Part 1: What is this thing you call an escape room?
David (co-founder OutaTime Games): An escape room is a live adventure game where players solve a series of puzzles using hints, clues, and logic to complete a series of tasks on hand. Players are given a set time to unveil the story and the secret plot which is hidden within the rooms. Our escape rooms inspired by the point-and-click adventure games of the 90’s and the choose your own adventure books we grew up with as young readers. We try to blend local urban legends, history, and mysteries into our games to give our customers a unique local experience.
Sebastian: Hmmm… When did the first one open up?
David (co-founder OutaTime Games): Here is a short history on escape rooms a worldwide phenomenon thanks to the editors at roomescapeartist.com.
2004: Wits opens to the public in Boston, MA October 2004. Based off an Indiana Jone’s style adventure, often called the very first escape room style attraction. 5 Wits give the players the chance to BE the action hero and get inside that movie or video game rather than just watching or playing it. It’s similar to the escape room in that guests use teamwork to solve challenges but more of an adventure-like environment/story.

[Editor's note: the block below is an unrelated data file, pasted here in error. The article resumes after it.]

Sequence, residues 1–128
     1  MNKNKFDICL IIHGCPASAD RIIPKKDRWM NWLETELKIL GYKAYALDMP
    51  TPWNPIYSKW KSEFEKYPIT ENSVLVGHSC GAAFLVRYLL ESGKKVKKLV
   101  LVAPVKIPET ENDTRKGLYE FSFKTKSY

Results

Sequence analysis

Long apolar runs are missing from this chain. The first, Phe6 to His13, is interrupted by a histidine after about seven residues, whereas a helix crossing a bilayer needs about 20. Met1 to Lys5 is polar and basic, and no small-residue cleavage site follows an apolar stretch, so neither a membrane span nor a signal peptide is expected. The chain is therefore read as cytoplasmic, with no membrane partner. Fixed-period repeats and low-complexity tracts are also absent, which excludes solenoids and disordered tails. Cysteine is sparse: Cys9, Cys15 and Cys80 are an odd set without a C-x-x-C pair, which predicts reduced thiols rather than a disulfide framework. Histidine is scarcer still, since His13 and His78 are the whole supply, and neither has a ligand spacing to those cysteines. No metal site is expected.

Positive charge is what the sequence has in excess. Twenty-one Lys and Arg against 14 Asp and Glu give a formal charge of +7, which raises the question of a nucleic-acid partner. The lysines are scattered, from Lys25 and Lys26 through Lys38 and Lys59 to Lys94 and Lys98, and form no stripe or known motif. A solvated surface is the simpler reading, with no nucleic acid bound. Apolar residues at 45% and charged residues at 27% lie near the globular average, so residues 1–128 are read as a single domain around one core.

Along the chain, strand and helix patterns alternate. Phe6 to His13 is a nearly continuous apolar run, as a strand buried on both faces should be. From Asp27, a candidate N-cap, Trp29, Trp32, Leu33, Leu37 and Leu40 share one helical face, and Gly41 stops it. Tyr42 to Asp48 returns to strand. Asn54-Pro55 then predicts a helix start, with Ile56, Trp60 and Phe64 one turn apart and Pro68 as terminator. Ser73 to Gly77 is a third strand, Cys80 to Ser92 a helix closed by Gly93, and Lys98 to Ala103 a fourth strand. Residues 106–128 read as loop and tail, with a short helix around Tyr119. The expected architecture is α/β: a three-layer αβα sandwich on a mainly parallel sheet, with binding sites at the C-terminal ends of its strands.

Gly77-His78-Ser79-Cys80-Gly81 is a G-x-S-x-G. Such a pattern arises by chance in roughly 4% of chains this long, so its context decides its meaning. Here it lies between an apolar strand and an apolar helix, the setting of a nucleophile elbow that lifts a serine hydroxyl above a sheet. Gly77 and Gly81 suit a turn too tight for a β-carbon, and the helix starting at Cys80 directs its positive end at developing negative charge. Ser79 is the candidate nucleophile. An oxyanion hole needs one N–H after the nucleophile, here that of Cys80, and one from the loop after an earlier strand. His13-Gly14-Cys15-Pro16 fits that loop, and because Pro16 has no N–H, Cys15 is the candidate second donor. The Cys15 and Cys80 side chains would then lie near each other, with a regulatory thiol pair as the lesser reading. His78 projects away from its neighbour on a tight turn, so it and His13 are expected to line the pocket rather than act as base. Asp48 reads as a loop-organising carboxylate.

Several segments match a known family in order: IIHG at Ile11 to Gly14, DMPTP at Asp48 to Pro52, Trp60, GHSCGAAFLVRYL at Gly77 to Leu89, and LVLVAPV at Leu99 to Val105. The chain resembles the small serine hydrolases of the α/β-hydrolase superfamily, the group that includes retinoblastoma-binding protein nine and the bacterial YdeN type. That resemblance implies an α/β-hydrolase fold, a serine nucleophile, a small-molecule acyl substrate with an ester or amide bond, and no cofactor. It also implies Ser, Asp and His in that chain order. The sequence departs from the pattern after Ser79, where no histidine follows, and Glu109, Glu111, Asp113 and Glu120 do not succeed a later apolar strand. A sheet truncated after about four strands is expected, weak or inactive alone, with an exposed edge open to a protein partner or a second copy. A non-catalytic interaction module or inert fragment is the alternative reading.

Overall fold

July 2007: SCRAP opens in Kyoto Japan. It was a single room game, where a 35-year-old Takeo Kato. Japanese computer game developer brought the fun of the two-dimensional escape game into the three-dimensional world while keeping the theme of “escape from a locked room.” This idea was based off the 2004’s popular Flash point-and-click “Crimson Room” video game.
Late 2013: Puzzle Break opens in Seattle, WA, America’s first contemporary escape room company.
2016: Exponential growth of escape rooms in the United States with over 1500 locations.
January 2016: Chicago’s Escape Rooms Directory created to provide a central location for Chicago patrons to rate and review their experiences.
Sebastian: Do I truly get locked in the Room?
David (co-founder OutaTime Games): None of our rooms, customers are truly locked in. We kept the door open and you could leave at any time. It’s just virtually locked for gaming purposes.
Sabastian: Is there a video I could found out more about escape rooms?
David (co-founder OutaTime Games): I’d suggest watching Professor Scott Nicholson’s video on escape rooms .